I’ll talk more about what I found as I translated Tristan Tzara in my next post here, but I’ll summarize by saying that I found problems in the translation I linked to, surprising problems that sometimes feel to me a bit like reading the “bad quarto” of Shakespeare. I could be wrong in my interpretation of Tzara’s “Vegetable Swallow (Hirondelle Végétale)”— I am neither a scholar of Dada nor anything even close to a fluent French speaker—but I don’t even like the translation of the title, though I have kept it, because it may be what an English speaker is likely to know the poem as.  “Hirondelle” is French for the species of bird, the swallow. I might have my own inevitable and anachronistic “Monty Python and the Holy Grail”  connection with the swallow, but in the title’s context along with the English word “vegetable,” one thinks of that scary and prescriptive phrase from childhood: “Eat your vegetables”—not how it’d be understood in French.

Tristan Tzara photograph by Man RayYoung Bill Gates grayscale

Steve Jobs would have told the young Bill Gates (on the right) to try a black sweater
Tristan Tzara (on the left, photo by Man Ray) would have suggested a monocle.

In my translation, Tristan Tzara is providing something more like a Surrealist’s Lover’s Rock lyric—more Paul Éluard than Dan Bern hilariously parodying Bob Dylan. Musically, I’m not attempting reggae though. I’m not even sure what genre to call my composition on this one, but it is,  like Tzara proclaims, “Swimming in disparate arpeggios.”

To hear it, use the player below.

At a Window

I was ready to post this new piece, Carl Sandburg’s At A Window,”  early yesterday when I had one of those days that come to challenge artists. Artists less fortunate than I can perhaps point to a single thing that holds them back, but with myself it’s often several smaller things.

I’m a habitual early morning reader of the news, a rhythm that may have started in my earliest teens when I delivered newspapers before school and continued through night-shifts in hospitals where I’d read the papers as they came out in the predawn hours. Nowadays, it’s not the papers I turn to for news, but Internet newsfeeds, and the pre-dawn hour was filled with the reports of another mass shooting profaning music, this time in Las Vegas. These events hurt me because I often spend as spend as much of my day as I can carve out making the music here in combination with the words that I combine with it. One of art’s purposes in my mind is to allow us to set aside momentarily the real consequences and strictures of life. Not necessarily to escape them—in fact, many times art allows us to examine them so that we can treat them as the reality of what they really are, because those strictures, even things we fear most, have their limitations, just as we do. And art can be the “R&D Department” of the soul and the repair of the world.

Thus, the hurt when those borders are crossed. Thus, the feelings of one’s work in an inadequate field.

Of course, my feelings on this matter are a small and abstract hurt, compared to the suffering of those more directly impacted. Small things closer to my heart feel larger than great things farther away. This is one of the limitations of our perception. Then my day continued with another unrelated hurt, closer yet to my heart, and I was reminded again of my limitations and imperfections.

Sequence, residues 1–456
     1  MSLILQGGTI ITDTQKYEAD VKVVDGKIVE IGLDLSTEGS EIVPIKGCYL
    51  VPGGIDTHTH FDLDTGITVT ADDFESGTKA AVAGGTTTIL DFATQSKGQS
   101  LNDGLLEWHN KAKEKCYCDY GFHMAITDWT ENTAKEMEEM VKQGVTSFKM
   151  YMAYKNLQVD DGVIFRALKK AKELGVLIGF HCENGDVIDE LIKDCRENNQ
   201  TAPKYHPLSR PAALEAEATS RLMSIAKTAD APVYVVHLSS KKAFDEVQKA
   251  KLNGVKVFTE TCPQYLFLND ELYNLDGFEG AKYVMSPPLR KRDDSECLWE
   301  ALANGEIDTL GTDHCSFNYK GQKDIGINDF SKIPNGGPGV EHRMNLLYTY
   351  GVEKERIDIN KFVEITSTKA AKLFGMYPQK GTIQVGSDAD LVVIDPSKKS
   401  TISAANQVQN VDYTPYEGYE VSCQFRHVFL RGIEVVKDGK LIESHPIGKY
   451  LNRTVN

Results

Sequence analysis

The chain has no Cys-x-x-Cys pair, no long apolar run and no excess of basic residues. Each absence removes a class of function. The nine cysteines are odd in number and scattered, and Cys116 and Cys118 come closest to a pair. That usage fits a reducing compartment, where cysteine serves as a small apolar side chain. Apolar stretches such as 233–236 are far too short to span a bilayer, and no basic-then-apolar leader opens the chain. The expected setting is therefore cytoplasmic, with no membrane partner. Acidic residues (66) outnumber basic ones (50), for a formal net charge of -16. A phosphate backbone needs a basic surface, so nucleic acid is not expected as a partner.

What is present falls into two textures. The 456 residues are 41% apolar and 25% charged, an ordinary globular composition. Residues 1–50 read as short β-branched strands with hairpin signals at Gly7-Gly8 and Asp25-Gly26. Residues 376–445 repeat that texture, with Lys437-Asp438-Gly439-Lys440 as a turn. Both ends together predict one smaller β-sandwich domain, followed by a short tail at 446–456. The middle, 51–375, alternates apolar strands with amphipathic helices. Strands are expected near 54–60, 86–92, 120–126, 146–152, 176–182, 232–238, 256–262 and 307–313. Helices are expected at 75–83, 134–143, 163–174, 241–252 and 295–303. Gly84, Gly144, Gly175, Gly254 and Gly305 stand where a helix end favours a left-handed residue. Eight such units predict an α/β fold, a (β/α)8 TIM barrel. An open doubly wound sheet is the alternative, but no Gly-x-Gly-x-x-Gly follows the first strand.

Real hurt seems so large, art seems so small, and I feel like a poor worker in a field of playful trivia.

Which may be so, the limits of my perception may not be able to tell. However, I believe this is a common feeling for artists to have, and so if you create art, you may also have felt this. We try to do so much, and all we can see is so little. This is part of why the Parlando Project principle: “Other People’s Stories” has value. Speaking the words of others helps me by adding what their eyes and hearts have seen.

SONY DSC

“He is an observer with sympathy but without fear”

This morning, it turns out that Carl Sandburg, in the very piece I was working on this previous weekend, “At a Window,”  was speaking to this experience, though in my down-heartedness, I couldn’t hear him for a while. This short poem, appearing first in 1914 in Poetry  magazine alongside his “Chicago, hog butcher for the world…” poem which will overshadow it, waited patiently to speak into my ear. What good could a more than a 100-year-old poem have for me?

Poetry Magazine March 1914

Eight poems of Sandburg’s Chicago Poems debuted in this issue.

“At a Window”  says that even in shame and failure you must hunger for even more of the same. In the context of the sampling of Sandburg’s Chicago poems, which spoke so frankly about the situation of poor and working-class Americans, I think that window in the title means so many things. Yes, it means there is an imperative to look outside oneself as an artist. The dusk and shadows out the window lets one see little, but one must still look.

Will there be any consolation? Sandburg apparently had such consolation in his spouse, who championed his work, who he speaks of in the “Leave me a little love…” section. Perhaps you have such a champion in your life, perhaps you don’t. We are called in “At a Window’s”  conclusion to look out the window anyway. Perhaps the one who comes walking out of the dusk is yourself, to champion someone else?

To hear the performance of Sandburg’s “At a Window”  use the player below, and thank you for listening.